Wednesday, April 14, 2010

H&H Part 12 - The Star comes down to earth

Spring is beginning to show up in the mountains, days are a little warmer, snow is melting on the brownish lawns and the Rocky Mountain sheep graze closer to town, with little concern for photographers or tourists.

I get a ride to the office with Karen the accountant who says Kaplan is really over his head and the local producer even more so. I keep wondering how these guys got those jobs. The local producer is easy enough, he comes with local financing and for the most part he really stays out of the loop. Still he is responsible for misjudging the costs of filming in a town 6 hours away from the nearest airport and city. 

And Kaplan, whom I'm sure some of you feel sorry for by now, he's another case. He bluffed his way into this job and is making it a difficult shoot for everyone from the writers to the crews and even the accountants and eventually the actors.

As the saying goes;  he must have pictures of the company CEO in bed with a dead girl or a live boy.

No subtleties there. It can be a kill or be killed atmosphere on films and TV shows, egos are huge and when a show goes bad like this, it begins to affect the entire crew who more than often decide to rough it through which I admire greatly. I only wish I could do the same.

At the office, I learn who's going to rewrite Kaplan's script, the one he tried to rewrite 4 times.

It's Rino -- and me. Together.

And the departments are beginning to ask us for scripts. We have to shoot in less than a week and the wardrobe department, the production design department and others need a hard copy of the script to study to see what's needed.

Jonathan, the head writer isn't anywhere around, he's in his condo even though he has an empty office here down the hall from us. Jonathan should be involved but the wardrobe girl, Nancy, says I'm the only one who anyone sees. Even Rino disappears from the office from time to time. At one point, when Jonathan dropped by, someone asked me "what exactly does he do?"

Next on the schedule is the reading.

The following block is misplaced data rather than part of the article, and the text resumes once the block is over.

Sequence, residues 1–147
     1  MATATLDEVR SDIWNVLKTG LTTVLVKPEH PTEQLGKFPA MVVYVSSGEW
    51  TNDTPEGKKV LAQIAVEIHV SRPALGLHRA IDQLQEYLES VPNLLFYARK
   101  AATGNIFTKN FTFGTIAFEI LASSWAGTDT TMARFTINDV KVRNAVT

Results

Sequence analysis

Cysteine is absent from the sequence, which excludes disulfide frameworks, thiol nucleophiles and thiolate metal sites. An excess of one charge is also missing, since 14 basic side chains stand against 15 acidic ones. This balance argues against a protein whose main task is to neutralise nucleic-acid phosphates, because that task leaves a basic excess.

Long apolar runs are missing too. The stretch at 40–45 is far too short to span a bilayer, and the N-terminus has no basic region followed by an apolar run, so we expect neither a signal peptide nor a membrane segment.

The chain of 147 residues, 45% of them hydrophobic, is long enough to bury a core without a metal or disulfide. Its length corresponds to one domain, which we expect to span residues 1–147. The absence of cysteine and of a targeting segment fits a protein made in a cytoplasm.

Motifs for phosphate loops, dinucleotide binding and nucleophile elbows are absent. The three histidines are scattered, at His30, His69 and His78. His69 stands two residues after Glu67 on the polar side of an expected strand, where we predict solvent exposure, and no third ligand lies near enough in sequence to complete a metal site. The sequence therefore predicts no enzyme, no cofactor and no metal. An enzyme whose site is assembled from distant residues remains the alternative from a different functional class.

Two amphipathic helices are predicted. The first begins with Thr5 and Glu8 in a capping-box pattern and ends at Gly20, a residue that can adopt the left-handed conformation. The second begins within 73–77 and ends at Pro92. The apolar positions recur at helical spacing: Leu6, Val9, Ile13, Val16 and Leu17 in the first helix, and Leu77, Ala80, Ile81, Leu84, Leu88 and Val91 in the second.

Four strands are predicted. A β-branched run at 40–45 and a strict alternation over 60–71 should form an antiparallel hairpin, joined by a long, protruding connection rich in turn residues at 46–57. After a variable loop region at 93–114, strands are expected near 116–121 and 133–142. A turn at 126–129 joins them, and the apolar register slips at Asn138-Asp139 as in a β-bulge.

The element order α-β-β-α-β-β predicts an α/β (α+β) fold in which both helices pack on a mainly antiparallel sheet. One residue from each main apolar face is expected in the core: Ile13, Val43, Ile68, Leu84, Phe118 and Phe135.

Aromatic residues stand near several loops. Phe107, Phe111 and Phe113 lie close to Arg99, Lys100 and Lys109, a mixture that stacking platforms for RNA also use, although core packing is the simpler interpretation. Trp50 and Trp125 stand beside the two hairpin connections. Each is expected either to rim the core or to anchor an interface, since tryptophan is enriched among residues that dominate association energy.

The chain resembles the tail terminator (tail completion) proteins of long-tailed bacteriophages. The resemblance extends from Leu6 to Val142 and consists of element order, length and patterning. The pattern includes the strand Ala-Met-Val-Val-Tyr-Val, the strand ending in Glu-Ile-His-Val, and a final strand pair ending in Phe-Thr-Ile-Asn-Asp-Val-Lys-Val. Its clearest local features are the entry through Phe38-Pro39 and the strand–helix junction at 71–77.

This is the one, for any of you who have followed the blog, is my least favorite place during production. It's where all the departments get together to pick apart the script to say what they don't like, can't do or won't do.

And it's also the appearance of the real star of the show. Erica enters the room with a sweeping movement, like she's floating into the crowded room. In weeks later this talent will save me and an actor from serious harm.

Erica takes over the room completely and I figure she has earned it, she's been with the big stars, been in major movies and now to be in a "B" level series has to hurt a little. But as they say, there are no small parts, just small actors.

This reading goes the way I expected and we get 32 pages of changes and considering the script is around 54 pages, that's almost half. But it's mostly small stuff, much of it words that could be changed on the set and probably will be even though we still have to write it.

I suggest we leave it to filming, we don't need to re-do 32 pages for changes like "Todd looks at her", to "Todd slowly looks towards her direction". But Kaplan insists. Mahon sits quietly playing solitaire on her computer and Jonathan just tries to act like he's the head writer. Which he is of course.

I say I will do my best. I've learned you never let them think it's easy, make them feel that their suggestions will make the script ever so better. In truth later I do the 32 page rewrites in less than an hour. But I hold off handing it in for the rest of the day. And Rino, who was supposed to help, is nowhere in sight.

I stare at Erica now and then and am taken back to being a teenager in love with a movie star, never dreaming I would be this close to her. She still looks good, in her late 50's and very energetic. I sense she is checking us out, feeling her way around the room. It seems bigger than a little TV show with her here, it seems like a movie.

Ah, they don't make stars like they used.

It's clear in the meeting that the various departments  have little patience for Kaplan and one of the grips tells me they want to use him as grizzly bear bait since the rangers told us a grizzly is in the area.

After the reading, Jonathan goes straight to the actors to congratulate them on their "wonderful" reading and how he personally is going to make sure they get "brilliant" writing from "his staff" even if he has to step in personally.

Rino and I exchange glances, it's not even funny anymore for us.

Afterwards I meet Paul Patterson, an actor who comes from Windsor, across the river from Detroit, where I grew up as  a teen. Paul came in with Erica in the production passenger van and tells me a great story about how the driver didn't know who she was, or care but had to present her with flowers and a bottle of wine at the airport.

Erica is a little apprehensive, realizing she's riding in a passenger van with two complete strangers. She keeps her wine and flowers to herself and drinks it by the time they arrive, several hours later.

Ironically enough, that story became the screenplay, Travel Day, which began this blog and which I am now trying to finance for a fall 2010 filming.

Later, at the Peak bar, I am personally introduced to Erica and she mentions she has read one of my scripts and likes it.

I wonder how often someone gets a dream that comes through. I just did.

I've come full circle.

(Fri: Camera, sound, ACTION!.)

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